Only 11.2% of respondents reported working for small physician practices in 2020. This number represents a tremendous shift from 37.2% in 2015. Of the most predominant employer types listed below, more than 50% of medical coders and billers now work for the largest employer types.

Where Medical Coding Work

As demonstrated earlier, the larger the employer, the more likely its employees receive a higher salary. As more doctors forgo their independence for the steady paycheck offered by health systems, the medical coding professional will bank higher pay. This trend will trickle down to affect salary ranges for small organizations, as entry-level positions receive compensation based on national averages.

Average 2020 Salary Across Patient Care Settings

Average Medical Coding Salary

As seen in the chart above, salary decline occurred among all employer types, but the medical coding professional employed by a health system, the largest of healthcare organizations, continued to receive the highest pay in 2020.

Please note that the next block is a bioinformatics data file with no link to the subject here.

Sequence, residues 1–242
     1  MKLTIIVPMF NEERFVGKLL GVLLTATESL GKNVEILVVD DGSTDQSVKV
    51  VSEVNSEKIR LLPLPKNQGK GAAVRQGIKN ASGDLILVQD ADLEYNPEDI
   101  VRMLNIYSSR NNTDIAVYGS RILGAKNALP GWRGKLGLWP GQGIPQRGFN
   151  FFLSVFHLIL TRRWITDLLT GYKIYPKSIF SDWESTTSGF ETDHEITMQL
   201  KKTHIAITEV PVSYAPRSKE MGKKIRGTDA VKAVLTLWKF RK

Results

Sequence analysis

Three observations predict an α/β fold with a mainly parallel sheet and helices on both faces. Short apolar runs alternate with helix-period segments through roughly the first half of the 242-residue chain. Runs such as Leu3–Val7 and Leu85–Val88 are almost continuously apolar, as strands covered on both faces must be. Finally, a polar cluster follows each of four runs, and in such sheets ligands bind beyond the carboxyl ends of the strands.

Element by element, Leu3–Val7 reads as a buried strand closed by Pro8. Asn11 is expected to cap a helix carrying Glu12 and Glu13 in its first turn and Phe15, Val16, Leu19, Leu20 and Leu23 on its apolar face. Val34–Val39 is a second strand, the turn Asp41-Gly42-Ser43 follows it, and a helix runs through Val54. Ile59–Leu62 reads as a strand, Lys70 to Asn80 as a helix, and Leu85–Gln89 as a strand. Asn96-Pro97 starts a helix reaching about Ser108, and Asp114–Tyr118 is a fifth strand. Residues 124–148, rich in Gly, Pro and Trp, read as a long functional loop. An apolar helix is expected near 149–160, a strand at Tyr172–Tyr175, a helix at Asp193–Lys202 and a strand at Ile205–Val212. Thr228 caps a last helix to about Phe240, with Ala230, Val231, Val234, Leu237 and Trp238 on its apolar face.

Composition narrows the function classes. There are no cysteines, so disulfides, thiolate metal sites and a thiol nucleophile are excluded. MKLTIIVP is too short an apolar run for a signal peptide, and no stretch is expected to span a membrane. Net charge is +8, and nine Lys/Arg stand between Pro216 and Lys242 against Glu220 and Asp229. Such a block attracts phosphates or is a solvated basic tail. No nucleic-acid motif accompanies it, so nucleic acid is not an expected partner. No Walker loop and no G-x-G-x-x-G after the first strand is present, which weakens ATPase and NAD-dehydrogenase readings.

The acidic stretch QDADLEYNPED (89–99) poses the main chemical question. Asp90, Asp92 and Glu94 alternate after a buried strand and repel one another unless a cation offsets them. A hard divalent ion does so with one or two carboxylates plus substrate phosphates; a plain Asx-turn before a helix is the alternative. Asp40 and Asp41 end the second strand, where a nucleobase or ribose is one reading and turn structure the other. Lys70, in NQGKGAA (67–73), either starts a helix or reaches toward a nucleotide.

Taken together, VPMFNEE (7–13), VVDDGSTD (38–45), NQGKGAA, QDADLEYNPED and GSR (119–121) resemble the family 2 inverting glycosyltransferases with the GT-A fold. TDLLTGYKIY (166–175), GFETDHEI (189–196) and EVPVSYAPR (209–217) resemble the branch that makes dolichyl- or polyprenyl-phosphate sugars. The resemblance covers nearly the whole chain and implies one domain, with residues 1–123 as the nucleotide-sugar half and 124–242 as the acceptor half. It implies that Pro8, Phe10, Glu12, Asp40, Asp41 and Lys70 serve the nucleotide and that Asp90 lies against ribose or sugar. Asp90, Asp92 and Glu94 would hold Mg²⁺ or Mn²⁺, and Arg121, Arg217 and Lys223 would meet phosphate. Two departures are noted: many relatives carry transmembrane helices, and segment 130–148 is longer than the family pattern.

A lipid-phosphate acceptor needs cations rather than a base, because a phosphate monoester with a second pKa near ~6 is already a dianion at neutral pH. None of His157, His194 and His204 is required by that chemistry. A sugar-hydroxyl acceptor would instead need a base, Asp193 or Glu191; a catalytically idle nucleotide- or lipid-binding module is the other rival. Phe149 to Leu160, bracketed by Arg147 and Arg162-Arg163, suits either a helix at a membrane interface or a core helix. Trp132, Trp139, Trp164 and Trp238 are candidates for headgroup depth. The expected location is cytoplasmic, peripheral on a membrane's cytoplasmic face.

Medical Coding Salary Trends Based on Educational Background

Although certification carries the most weight with employers, and does not require higher education to obtain, our survey shows an influence of education on medical billing and coding salaries.

Health information technicians with no college education average $24.22 per hour, while a certified coding specialist with some college or an associate degree averages $25.57 per hour — 3.5% more money annually. The hourly wage rises to $26.58 for professionals with a bachelor’s degree and $30.70 for coding specialists with a master’s degree.

Average Medical Coder Salary by Education

Average Medical Coding Salary